David Kirby, an internationally recognized poet who grew up on a farm and went on to teach and inspire thousands of Florida students and writers, has won the 2016 Florida Lifetime Achievement Award for Writing. The award, sponsored by the Florida Humanities Council, is scheduled to be presented April 8 at a luncheon in the Governor's Mansion in Tallahassee.
An independent panel of judges selected Kirby, 71, from among 19 nominees.
David Kirby is one of Florida's literary treasures, the judges said.
His poems and essays show how craft, humor, and insight can create enduring works of art.
Kirby, who has taught since 1969 at Florida State University where he is the Robert O. Lawton Distinguished Professor of English, is known for imparting wisdom and wit with a style ranging from lyrical romanticism to rock 'n roll.
There is nothing quite as enriching and entertaining as a David Kirby poetry reading, said Janine Farver, executive director of the Florida Humanities Council, which oversees the award nomination process, convenes a panel of independent judges, and announces the winner.
He's a credit to those who influenced him - John Keats and Little Richard.
When told of the award on Friday, Kirby said he was thrilled.
The only two organizations I know of that give a Lifetime Achievement Award are the Academy of Motion Pictures Arts and Sciences and the Florida Humanities Council, so I consider this award the equivalent of an Oscar, he said.
His work includes numerous books of poetry, essays, criticism, and children's literature. His biography of Richard Penniman - better known as Little Richard - defined one of rock 'n' roll's earliest architects.
In Kirby's book, Elvis and Chuck Berry are milquetoasts next to Little Richard, said the magazine Rolling Stone.
Kirby's latest book of poems, Get Up, Please, is due out in March. Included among the titles in his long list of publications are: The Biscuit Joint, The House on Boulevard Street, The Ha-Ha, Talking about Movies with Jesus, and The Cows Are Going to Paris.
In addition to praising his writing and his distinguished teaching and mentoring of writers, the judges said Kirby's
incisive book reviews help widen the public's appreciation for new writers.
David makes us feel fortunate that we can be in the company of such a witty guide and generous soul, the judges said.
The Florida Lifetime Achievement Award is the latest in a galaxy of awards and honors Kirby has received, among them the Pushcart Prize, a Guggenheim Fellowship, and the Brittingham Prize in Poetry. He is a repeat medalist in the Florida Book Awards, has won grants from the Florida Arts Council and the National Endowment for the Arts, and has been published several times in yearly volumes of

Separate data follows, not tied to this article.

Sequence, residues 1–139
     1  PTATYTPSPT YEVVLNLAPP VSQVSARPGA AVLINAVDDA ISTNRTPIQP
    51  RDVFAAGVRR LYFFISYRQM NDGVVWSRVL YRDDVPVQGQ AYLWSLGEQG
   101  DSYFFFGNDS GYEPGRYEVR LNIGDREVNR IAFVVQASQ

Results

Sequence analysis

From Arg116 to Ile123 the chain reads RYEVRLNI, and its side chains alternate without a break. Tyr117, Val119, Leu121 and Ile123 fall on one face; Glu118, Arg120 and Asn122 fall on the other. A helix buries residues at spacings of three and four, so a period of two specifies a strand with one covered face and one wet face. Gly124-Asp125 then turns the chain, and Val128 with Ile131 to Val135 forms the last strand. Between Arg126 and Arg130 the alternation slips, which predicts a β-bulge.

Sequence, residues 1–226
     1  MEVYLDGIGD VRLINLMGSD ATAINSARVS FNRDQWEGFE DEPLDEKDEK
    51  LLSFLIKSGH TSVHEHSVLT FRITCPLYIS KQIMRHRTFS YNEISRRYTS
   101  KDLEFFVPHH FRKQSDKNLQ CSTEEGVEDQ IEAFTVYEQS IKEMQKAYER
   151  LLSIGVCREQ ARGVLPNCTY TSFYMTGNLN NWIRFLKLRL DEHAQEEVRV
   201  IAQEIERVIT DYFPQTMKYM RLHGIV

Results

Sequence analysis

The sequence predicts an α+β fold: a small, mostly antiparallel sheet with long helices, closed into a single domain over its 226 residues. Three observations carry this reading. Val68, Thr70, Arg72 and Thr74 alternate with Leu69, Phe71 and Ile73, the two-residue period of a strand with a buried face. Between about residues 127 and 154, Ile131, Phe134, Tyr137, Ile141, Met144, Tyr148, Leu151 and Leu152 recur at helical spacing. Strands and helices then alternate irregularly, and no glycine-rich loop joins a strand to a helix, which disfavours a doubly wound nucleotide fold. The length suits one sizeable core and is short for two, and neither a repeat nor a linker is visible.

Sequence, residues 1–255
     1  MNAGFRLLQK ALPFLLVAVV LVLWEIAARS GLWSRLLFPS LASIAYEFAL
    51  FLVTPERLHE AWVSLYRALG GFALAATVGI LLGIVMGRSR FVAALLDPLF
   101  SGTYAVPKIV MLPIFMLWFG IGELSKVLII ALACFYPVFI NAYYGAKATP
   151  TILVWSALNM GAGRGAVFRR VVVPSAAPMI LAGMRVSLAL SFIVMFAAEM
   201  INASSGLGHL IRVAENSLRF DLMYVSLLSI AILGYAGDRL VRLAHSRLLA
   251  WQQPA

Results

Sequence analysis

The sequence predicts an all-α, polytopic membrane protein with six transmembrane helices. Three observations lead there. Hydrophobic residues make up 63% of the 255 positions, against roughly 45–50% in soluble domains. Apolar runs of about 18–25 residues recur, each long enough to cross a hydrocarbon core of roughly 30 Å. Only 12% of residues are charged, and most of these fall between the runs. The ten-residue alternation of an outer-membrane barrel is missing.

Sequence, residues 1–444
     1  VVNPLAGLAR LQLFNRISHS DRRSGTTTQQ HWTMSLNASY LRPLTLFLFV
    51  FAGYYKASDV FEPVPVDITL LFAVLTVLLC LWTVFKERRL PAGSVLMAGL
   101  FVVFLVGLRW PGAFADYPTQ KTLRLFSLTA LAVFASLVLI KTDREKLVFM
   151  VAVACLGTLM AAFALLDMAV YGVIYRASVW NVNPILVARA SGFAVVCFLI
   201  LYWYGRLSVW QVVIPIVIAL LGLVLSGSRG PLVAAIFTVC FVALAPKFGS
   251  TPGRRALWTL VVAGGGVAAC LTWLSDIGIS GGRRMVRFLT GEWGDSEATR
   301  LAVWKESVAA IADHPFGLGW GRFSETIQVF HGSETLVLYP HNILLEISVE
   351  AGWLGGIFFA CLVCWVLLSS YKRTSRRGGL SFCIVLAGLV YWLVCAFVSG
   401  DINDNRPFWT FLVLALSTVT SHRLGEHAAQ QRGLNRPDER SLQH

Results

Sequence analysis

The Best American Poetry.
Kirby, who grew up on a 10-acre farm in South Louisiana, said he began to discover his muse at age 5.
Seeing my hand clutching an oversized pencil and watching words spool out of the tip of that pencil onto that rough, gray paper we had, and listening to stories of my mom on our porch, made me feel like storytelling was a great form of capital. I never thought of it as part of schoolwork, it was just what we did.
His mother, Kirby said,
was a farm girl who grew up with people who lived in trees and cast voodoo spells and she had wonderful stories. My father was a medievalist [professor] who read a dozen languages and spoke many of them. I had sort of a Mark Twain side of my upbringing and a deeply scholarly and European side.
The family grew its own food and young Kirby helped care for the horses, chickens, and ducks. One of his chores was collecting the eggs.
To this day, I glare every time I see a chicken. My hands still bear the scars of angry hens, he said.
As a teenager, he and his friends would ride their bikes to the Louisiana State University campus to see movies - and sometimes to pillage dumpsters outside the chemistry department where they would seek lab equipment
and do our best to blow ourselves up.
The six previous recipients of the Florida Lifetime Achievement Award for Writing were Gary Mormino, University of South Florida St. Petersburg history professor emeritus and co-founder of the Florida Studies Department; Janet Burroway, an FSU creative writing professor and author of novels, short stories and nonfiction books who influenced legions of writers; Enid Shomer, an elegant writer of poetry and fiction; the late Patrick D. Smith, beloved author of the Florida novel A Land Remembered; Carl Hiaasen, a Miami journalist and best-selling novelist who virtually invented the Florida Noir genre; and Michael V. Gannon, the eminent Florida historian and University of Florida professor emeritus.
Established in 1973, the Florida Humanities Council, an affiliate of the National Endowment for the Humanities, develops public programs and resources that explore Florida’s history, literary and artistic traditions, cultural values, and ethics.
The members of the 2016 judging panel are: Maurice O'Sullivan, Kenneth Curry professor of English at Rollins College; Lester Abberger, member of Florida Humanities Council Board; Enid Shomer, winner of the 2013 Florida Lifetime Achievement Award; Lynne Barrett, founder and editor of The Florida Book Review; and Colette Bancroft, the Tampa Bay Times book editor.